Mid-morning an IV was painfully inserted into my arm. We were starting to get worried that the insurance company was procrastinating so that the procedure would occur before receiving permission. Under that scenario we knew they had an ?out-clause? to not cover the costs. When the doctor arrived for the examination Michelle first dragged him away to make the phone call to the insurance company. It turned out that they didn?t need to talk to Dr. Fernando, and after answering a few more questions, their doctor gave the okay to Michelle to proceed. Michelle later checked her email and found an email from them explaining this, but was rather frustrated and embarrassed after dragging the doctor away for no reason.

I was then transported down to the line logging room. Into my IV bag they injected a wonderful serum and I felt fantastic. As usual my ass was completely barren and when two cute Mexican nurses showed up to help with the inspection, instead of blushing I tried to make a joke in broken Spanish. I told them that my mother-in-law was flying in tomorrow and that they needed to ?Undele, Undele? (Hurry up). They laughed a lot but I think it was at the silly ass gown and hiking boots that I had on. Before I knew it I began sweet dreams and the line logging was underway. I awoke back in my room with a Depends diaper on with Michelle besides me.

?Rob, the doctors want to operate, tonight?!


?Ya, well, there are some defects in your pipeline?

The doctor had a free time slot at 10 pm this evening and he was willing to pencil me in, but first he wanted to bring in a Specialist Pipeline Inspector to review the results. In the meantime, Michelle headed back to the internet café (again) to do some research on pipeline defects and, of course, call the insurance company.

She returned an hour later with a pile of information. Before the Pipeline Inspector arrived we had pretty much decided that considering Rob was not in any pain, and considering that there seemed to be a plethora of natural ways to deal with this type of internal flaw, we would much rather pursue this again back in Canada. In addition, the insurance company had indicated that the surgery would not be covered.

And so, after discussing this over with the Specialist, I was discharged from the hospital at 6 pm. Everything is going to be okay, I feel great and I will deal with the issue when I return home. In the meantime I have increased my fiber intake tenfold, and Michelle?s mother had time to stop at a homeopathic store in Calgary before getting on the plane.

Having gone through this ordeal, Michelle and I appreciate even more now our health system in Canada. Some days it feels that there is a lot to complain about, but we cannot imagine living in a country with no health safety net and where we were required to deal with an insurance company for every medical requirement. When I broke my knee several years back, we did not even have to consider the possibility that the medical costs would not be covered. The additional stress and concern that we had to deal with here in Mexico because of insurance concerns was immense; nevermind that we have the financial resources to pay, if necessary. Although the $1700 hospital bill was not cheap for our insurance company this bill could have been an order of magnitude higher had this happened in the US. And so, we?ve decided that if it comes to choosing between (i) fast, privatized but expensive with uncertainty regarding coverage or (ii) long wait times for non-urgent conditions but 100% coverage, we would chose definitely chose the latter and are grateful for the existing Canadian system.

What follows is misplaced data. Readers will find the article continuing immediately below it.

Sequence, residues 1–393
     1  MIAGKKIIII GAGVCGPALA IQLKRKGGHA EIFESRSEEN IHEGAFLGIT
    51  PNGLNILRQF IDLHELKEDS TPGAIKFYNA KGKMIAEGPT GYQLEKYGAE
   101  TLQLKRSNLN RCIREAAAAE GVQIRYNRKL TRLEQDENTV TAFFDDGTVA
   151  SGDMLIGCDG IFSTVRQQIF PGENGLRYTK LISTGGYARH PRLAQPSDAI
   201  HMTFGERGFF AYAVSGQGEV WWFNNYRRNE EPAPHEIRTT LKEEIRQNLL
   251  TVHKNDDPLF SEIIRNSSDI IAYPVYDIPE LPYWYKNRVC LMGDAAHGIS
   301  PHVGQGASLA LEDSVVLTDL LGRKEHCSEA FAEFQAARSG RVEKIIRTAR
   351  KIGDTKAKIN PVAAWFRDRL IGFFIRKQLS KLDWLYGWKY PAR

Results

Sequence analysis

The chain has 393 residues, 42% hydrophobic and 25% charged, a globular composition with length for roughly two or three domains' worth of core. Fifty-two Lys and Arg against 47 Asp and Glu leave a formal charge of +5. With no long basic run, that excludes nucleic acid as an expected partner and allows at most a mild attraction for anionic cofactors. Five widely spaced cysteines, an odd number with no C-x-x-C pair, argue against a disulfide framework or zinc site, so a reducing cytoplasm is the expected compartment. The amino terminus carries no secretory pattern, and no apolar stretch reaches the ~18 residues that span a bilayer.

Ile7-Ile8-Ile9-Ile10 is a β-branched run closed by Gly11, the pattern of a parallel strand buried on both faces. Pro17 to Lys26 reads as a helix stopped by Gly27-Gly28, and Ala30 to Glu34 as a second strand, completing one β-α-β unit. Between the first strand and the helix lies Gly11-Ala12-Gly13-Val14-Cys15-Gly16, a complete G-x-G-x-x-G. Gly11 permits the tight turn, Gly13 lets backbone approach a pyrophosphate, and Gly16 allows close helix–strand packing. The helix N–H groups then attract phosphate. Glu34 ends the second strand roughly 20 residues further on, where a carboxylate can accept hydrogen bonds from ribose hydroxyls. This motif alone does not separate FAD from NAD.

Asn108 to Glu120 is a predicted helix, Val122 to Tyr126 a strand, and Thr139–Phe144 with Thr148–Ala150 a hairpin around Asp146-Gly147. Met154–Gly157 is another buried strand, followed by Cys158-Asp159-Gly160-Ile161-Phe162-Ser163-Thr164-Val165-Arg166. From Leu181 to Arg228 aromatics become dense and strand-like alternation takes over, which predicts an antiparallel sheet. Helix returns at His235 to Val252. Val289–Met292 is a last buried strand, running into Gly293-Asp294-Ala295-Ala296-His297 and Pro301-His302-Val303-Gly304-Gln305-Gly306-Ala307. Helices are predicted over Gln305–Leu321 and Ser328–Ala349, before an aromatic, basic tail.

I know it?s already quite long but there?s a tad more story to end this last day. Michelle and I finally left the hospital just past 6 pm, exhausted, hungry and headed to the nearby campground. Annette was arriving tomorrow evening, and we decided that we would try and make it to Villahermosa in one long day of driving tomorrow. As we headed out, the van radiator indicator light started flashing. ?Stupid light? I said to Michelle, ?Either there is no fluid in the tank or Wilson is just messing with us?. We both agreed that it must be a false alarm. However, when we stopped to grab a few groceries I heard a hissing sound and saw that our van was bleeding out coolant from underneath. ?Ah Shit! What a day!?. One of the veg oil coolant hoses was rubbing on the axle and resulted in a pinhole leak. It seems that Wilson was feeling a little sympathy pain. I completed the surgery on the side of the road, solving the leak but filling our system with even more air. We made it to the campground and then had to spend another hour using our sketchy hose/jug system to bleed the system of air (again) and preparing for the long journey tomorrow up into the Sierra Madre Mountains and down the other side towards the East coast of Mexico.


From Gilles on May 14th, 2008

You know, your analogy could work the other way too.. next time you're trying to explain pipelines to someone, try giving an example about proctologists!